Who will win the 88th Masters? Making the case for those in or near the lead on Sunday

Who will win the 88th Masters? Making the case for those in or near the lead on Sunday
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AUGUSTA, Ga. – What a board.

Scottie Scheffler, the world No. 1 and already with a champion’s locker at Augusta National, leads a bevy of superstars entering Sunday at the 88th Masters.

Here is why Scheffler, and each of his closest chasers, can win on what is expected to be a firmer and faster Augusta National:


Leading by: One shot.

Why he’ll win: He’s freaking Scottie Scheffler, and he’s making putts.

Two years ago, Scheffler “cried like a baby” in his wife Meredith’s arms as he wondered if he was ready for the moment. He went on, of course, to win the Masters, and since then he’s done nothing but establish himself as the clear-cut best player in the world.

This Sunday morning will be a little different.

Not only does Scheffler already own a green jacket, but Meredith is back in Dallas as the couple awaits their first child, due later this month. With Scheffler’s roommate this week, Sam Burns, missing the cut, he didn’t want to be in his rental house alone this weekend, so he called a few buddies to help keep him company.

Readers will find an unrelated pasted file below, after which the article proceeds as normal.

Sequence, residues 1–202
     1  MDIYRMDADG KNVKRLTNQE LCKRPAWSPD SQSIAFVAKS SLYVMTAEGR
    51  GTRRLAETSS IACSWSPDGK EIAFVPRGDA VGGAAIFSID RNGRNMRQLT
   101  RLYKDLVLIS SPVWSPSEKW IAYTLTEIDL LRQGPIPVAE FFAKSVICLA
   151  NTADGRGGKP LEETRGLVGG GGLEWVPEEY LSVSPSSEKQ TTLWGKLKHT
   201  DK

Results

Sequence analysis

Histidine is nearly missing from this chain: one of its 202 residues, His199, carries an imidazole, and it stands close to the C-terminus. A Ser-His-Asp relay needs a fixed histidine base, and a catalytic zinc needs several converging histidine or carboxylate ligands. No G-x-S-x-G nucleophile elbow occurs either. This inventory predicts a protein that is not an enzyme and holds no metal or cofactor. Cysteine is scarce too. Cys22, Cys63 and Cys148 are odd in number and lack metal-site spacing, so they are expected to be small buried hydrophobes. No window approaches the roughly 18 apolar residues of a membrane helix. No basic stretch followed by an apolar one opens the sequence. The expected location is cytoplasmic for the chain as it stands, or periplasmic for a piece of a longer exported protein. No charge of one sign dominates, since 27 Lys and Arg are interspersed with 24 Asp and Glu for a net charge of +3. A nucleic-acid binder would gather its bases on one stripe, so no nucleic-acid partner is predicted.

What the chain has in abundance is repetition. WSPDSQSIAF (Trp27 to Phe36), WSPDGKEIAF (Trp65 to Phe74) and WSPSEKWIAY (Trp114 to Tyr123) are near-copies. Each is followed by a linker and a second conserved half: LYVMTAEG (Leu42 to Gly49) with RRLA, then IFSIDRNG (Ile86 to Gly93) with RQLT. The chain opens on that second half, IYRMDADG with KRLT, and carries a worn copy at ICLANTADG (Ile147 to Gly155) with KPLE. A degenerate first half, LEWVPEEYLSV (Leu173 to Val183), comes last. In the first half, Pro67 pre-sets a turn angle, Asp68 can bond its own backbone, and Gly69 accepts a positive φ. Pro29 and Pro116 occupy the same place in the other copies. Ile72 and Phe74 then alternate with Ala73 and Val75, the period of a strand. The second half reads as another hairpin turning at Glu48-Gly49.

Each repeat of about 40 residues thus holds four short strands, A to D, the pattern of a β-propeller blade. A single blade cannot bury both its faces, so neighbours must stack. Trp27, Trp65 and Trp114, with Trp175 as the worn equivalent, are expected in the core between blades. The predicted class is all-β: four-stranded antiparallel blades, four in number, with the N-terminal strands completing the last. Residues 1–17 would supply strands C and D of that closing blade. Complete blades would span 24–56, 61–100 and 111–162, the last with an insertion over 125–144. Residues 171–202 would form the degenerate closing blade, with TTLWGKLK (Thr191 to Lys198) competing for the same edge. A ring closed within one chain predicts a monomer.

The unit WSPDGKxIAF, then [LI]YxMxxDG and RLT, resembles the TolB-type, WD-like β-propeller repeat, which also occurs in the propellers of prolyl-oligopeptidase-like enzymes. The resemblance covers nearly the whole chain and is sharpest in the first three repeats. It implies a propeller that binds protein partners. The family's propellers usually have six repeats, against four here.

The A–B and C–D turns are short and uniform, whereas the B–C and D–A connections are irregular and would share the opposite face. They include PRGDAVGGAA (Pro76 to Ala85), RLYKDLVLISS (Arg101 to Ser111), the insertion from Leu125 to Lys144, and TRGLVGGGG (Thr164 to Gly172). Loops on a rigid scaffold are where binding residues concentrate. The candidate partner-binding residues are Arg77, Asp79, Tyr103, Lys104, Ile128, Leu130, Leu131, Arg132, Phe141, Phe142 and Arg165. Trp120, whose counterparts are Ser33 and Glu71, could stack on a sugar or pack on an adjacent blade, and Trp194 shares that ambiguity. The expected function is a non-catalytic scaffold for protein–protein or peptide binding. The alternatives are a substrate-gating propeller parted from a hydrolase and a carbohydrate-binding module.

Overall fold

“With these guys, it will be pretty easy for us not to talk about golf,” Scheffler said.

Though the Masters does not keep strokes-gained statistics, Scheffler is best ranked in average putts per hole (1.52, second behind only Patrick Reed). That’s certainly unusual for Scheffler, who sank some crucial putts on Saturday, none bigger than his 31-foot eagle make at the par-5 13th, which injected some momentum into Scheffler after a double bogey-par start to his second nine.